If possible, the office environment should be just as dynamic as the scrum method itself. Office desks of team members should be close to each other, and the daily standup meeting should be held nearby without disturbing any other employees. This way, team members can meet and discuss briefly whenever the need arises.

Since teams also communicate physically, on paper instead of online, they need dynamic consultation places where they can share notes on walls and whiteboards. 

Another attention point is the fact that team sizes in most agile projects vary frequently, which means that a change in office layout or at least a change in furniture is often required. Someone new may prefer a standing desk instead of a regular desk or maybe an ergonomic balance ball instead of a regular office chair. Whatever the reason, changing teams often means changing equipment or layout.

Also, as in any office, there’s a conflict of interest between individual work (and being able to concentrate) on the one hand, versus teamwork and the need for consultations on the other. Especially if multiple agile projects work side by side in an open space, extra attention is required to enable both visual and auditory privacy for all groups.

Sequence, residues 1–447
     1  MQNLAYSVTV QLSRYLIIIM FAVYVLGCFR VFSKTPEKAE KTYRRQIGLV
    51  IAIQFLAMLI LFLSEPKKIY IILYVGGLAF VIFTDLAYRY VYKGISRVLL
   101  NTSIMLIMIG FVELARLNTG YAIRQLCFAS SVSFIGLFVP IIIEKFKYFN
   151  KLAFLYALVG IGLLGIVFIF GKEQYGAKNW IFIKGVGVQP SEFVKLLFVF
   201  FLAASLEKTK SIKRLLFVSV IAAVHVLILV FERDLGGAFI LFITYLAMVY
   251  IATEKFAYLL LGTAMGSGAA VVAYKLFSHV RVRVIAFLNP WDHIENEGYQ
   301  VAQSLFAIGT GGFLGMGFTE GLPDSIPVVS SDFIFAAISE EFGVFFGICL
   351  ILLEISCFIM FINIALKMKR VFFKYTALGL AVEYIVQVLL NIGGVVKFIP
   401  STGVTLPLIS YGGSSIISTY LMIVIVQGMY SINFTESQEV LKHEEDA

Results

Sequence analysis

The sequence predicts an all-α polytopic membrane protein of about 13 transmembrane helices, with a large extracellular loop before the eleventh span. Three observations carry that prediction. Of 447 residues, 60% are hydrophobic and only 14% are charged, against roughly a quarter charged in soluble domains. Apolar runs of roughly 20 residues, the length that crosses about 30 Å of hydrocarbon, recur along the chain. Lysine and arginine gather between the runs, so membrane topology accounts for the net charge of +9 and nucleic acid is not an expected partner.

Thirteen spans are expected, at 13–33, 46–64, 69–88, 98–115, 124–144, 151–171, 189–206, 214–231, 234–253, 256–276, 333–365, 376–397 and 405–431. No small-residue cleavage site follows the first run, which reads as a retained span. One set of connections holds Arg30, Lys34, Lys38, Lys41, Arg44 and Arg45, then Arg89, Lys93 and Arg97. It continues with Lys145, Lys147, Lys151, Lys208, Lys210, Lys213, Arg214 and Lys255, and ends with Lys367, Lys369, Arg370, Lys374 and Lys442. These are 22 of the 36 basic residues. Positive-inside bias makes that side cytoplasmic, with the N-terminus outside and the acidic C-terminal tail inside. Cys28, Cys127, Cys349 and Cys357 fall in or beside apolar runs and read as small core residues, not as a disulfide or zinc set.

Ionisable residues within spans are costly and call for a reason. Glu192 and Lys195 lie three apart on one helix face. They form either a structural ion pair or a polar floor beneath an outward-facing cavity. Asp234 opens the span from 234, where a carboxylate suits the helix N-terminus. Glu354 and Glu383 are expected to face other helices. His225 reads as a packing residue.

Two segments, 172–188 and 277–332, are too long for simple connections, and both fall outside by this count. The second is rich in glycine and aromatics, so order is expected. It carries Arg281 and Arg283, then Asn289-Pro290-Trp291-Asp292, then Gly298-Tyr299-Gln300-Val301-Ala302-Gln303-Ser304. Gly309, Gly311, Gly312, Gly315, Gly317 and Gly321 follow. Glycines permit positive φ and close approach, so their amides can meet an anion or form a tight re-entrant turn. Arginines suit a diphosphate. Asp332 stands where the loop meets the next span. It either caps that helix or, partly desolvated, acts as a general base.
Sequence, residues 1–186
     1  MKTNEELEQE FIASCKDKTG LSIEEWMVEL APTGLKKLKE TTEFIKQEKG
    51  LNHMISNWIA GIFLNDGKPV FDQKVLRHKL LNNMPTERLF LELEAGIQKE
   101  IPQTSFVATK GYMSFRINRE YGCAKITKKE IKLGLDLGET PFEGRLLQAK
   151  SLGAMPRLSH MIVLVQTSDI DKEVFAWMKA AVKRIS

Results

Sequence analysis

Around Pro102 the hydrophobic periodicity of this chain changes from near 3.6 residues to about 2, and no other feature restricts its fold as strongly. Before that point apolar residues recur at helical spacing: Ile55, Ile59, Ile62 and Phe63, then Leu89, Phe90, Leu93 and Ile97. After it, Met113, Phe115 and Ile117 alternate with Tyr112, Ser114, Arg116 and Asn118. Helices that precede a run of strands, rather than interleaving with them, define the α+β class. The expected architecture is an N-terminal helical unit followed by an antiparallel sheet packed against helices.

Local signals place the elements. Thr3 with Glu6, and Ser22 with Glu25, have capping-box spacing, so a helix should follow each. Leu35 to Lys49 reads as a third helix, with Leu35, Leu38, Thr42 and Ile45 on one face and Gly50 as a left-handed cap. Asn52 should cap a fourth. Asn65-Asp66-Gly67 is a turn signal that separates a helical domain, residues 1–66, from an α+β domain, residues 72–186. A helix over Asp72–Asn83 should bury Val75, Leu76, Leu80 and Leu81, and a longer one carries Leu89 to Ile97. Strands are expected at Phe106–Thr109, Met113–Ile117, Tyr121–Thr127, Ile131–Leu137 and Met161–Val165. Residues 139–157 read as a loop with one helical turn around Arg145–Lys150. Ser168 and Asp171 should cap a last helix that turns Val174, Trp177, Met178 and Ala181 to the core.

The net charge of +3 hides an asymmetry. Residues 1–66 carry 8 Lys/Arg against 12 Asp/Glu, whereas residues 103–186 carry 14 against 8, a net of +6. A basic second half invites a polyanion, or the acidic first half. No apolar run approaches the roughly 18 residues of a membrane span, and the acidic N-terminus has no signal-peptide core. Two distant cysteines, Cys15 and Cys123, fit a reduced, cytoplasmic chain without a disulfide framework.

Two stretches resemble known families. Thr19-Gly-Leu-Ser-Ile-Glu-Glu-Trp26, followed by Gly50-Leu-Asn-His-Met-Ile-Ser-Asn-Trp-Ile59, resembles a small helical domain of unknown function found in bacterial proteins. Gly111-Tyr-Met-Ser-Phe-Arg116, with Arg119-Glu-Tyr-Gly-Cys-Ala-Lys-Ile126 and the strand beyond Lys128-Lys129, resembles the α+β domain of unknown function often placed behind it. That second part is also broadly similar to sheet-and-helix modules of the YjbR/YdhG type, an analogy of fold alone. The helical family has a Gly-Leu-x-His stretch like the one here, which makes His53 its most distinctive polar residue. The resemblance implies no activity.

How to Meet Office Layout Challenges with Scrum

Unfortunately, there’s no one-way-fits-all kind of solution, it totally depends on the wishes and existing corporate identity of the organization.

Most organizations prefer a separate scrum space near the workplaces, in which the team members stand around a large round table. This is great for team building because everyone in the team can make an active contribution. Organizations often choose this way of scrumming because it helps both physically as well as mentally.

With the next most popular interior solution for scrum the team members set up their workplaces in a horseshoe-shaped layout and place the scrum table in the middle. The walls around the horseshoe can be used to share notes and other information.

Scientific studies have proven that a combination of sitting and standing in work environments have ergonomic benefits and stimulate blood circulation, which is why the standing desk is making its way into scrum environments. The brain is more active when standing up as well.

Scrum Downsides

One of the aspects of agile working is that it focuses on the product, on creating and delivering something tangible. The energy goes to direct communication about the product, within the team, and very little is documented or analyzed. Which can cause problems and delays when people need to reinvestigate.

Another possible downside is the fact that scrum teams are generally quite loud. For huge open offices, the challenges of pleasant acoustics and visual peace are simply too big. Room dividers won’t help. 

Key Takeaway

Scrum may not be for everyone, smaller organizations, for instance, don’t need to resolve to this method. Bigger organizations, however, can greatly benefit from agile techniques, and businesses in software development or the automotive industry are already taking advantage of it. Especially with innovation, scrum projects can speed up and improve the process. Just try it.